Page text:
Tuesday, August 4, 2009, CBC News
An Algerian man arrested while in church sanctuary in Quebec City in 2004 and deported to the U.S. is back in Canada, this time with permanent resident status. Mohamed Cherfi’s story made headlines when he was arrested. He was the first person in recent history in Canada to be pulled out of church sanctuary by police. Now, after spending more than five years in the U.S., Cherfi is back in Quebec with his wife Louise Boivin, who has been living in Montreal while visiting her husband regularly in the U.S.
He carries travel documents from the U.S. government and a Canadian immigration visa.
Cherfi is waiting for his permanent residency card in the mail so he can put the last 10 years behind him.
“It’s very important, this feeling of freedom,” he said in French.
Cherfi arrived in Montreal from Algeria in 1999 after an initial stay in the U.S.
He was denied refugee status in Canada, even though he said he feared for his life in Algeria because he had refused military service and was an outspoken critic of the government.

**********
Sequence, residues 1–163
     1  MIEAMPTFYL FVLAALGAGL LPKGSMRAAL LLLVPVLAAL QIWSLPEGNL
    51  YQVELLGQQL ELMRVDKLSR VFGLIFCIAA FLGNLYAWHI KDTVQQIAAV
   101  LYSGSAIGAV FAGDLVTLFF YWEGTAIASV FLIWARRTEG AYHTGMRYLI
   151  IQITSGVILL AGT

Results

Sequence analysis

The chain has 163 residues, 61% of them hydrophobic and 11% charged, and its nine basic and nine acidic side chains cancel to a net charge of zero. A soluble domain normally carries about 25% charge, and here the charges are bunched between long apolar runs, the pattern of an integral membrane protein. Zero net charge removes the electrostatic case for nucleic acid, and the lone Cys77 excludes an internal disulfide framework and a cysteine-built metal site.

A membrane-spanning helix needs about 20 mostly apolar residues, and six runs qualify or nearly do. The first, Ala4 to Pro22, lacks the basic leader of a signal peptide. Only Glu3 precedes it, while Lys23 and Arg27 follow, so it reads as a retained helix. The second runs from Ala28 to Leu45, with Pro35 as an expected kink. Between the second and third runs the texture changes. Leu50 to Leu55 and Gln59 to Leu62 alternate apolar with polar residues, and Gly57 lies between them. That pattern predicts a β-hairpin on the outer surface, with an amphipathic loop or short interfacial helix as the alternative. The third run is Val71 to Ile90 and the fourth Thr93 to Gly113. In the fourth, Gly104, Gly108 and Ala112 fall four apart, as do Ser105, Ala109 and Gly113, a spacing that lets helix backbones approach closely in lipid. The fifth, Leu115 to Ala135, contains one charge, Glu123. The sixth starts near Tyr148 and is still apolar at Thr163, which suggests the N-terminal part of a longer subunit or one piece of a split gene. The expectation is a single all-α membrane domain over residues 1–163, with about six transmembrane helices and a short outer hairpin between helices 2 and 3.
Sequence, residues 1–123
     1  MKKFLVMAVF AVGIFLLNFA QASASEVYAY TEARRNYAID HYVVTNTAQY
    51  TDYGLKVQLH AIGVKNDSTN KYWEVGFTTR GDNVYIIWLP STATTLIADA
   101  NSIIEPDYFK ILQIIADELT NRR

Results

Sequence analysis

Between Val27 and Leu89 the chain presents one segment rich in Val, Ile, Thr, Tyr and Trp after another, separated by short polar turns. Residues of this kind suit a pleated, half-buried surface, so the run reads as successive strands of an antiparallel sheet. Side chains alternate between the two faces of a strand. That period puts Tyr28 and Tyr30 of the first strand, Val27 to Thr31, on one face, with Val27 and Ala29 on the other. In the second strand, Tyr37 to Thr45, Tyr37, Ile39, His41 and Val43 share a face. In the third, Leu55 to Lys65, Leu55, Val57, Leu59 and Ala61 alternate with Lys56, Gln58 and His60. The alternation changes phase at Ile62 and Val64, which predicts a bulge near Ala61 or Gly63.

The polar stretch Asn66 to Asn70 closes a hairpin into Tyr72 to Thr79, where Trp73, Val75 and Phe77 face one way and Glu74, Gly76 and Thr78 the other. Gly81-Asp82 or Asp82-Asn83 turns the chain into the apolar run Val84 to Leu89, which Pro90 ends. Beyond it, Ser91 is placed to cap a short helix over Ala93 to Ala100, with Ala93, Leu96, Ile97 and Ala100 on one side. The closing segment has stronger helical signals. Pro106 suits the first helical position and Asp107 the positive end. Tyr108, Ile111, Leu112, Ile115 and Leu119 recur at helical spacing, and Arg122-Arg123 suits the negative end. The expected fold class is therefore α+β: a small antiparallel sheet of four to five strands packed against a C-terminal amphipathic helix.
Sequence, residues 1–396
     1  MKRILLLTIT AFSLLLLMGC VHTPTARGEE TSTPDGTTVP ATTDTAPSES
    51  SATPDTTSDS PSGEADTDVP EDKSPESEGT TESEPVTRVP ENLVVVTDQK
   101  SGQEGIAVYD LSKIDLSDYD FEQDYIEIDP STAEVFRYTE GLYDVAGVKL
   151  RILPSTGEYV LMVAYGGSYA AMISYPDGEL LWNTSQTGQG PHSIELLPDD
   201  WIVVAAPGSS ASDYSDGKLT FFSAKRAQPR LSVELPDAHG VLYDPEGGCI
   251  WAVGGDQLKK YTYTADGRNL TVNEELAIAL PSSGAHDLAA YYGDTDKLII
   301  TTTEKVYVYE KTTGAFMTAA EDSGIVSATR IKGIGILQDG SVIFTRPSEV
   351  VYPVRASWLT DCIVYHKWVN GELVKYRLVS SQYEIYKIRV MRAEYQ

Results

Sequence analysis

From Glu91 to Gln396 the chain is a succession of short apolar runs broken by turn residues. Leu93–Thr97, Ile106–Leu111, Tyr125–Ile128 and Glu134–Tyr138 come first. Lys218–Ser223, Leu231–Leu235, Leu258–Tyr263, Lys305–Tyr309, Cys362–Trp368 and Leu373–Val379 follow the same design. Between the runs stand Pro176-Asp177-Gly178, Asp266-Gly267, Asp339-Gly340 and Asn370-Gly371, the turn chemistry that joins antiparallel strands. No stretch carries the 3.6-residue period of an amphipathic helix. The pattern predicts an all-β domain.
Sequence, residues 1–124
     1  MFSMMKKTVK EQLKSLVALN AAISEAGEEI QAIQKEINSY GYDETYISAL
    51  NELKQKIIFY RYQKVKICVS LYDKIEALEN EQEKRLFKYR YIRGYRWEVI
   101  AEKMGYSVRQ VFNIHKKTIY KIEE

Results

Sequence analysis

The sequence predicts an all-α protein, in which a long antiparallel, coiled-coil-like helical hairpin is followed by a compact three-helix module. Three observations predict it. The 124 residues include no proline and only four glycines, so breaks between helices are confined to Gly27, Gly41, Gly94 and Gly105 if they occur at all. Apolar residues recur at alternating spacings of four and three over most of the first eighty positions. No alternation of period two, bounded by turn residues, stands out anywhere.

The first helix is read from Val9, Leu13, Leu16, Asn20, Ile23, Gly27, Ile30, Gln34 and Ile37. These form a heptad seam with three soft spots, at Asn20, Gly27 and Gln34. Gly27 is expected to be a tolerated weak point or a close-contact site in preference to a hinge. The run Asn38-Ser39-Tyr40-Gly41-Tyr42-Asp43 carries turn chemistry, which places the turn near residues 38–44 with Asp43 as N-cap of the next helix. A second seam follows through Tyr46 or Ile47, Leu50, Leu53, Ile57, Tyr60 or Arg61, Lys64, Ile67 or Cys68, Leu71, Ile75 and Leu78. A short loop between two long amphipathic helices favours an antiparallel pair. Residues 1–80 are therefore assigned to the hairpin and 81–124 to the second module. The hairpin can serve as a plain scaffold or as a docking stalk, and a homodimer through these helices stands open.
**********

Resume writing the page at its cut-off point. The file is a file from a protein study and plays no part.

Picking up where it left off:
In February 2004, to avoid deportation, he took sanctuary at the Saint-Pierre United Church in Quebec City.
Less than a month later, Quebec City police forced their way into the church and arrested Cherfi.
He spent a year and a half in a U.S. immigration detention centre before he was granted political refugee status in the United States.
Boivin said Monday, after more than five years fighting to get Cherfi back to Canada, that she was ecstatic to see his papers come through.
“I was extremely happy. I cried in the van, and I sang,” said Boivin in French.
Boivin said she and Cherfi owe a lot to the many supporters who worked to bring him back.
The two said they will continue to try to change Canadian refugee law.
But for now, they said, they’re taking a vacation so they can enjoy the start of their new life together in Canada.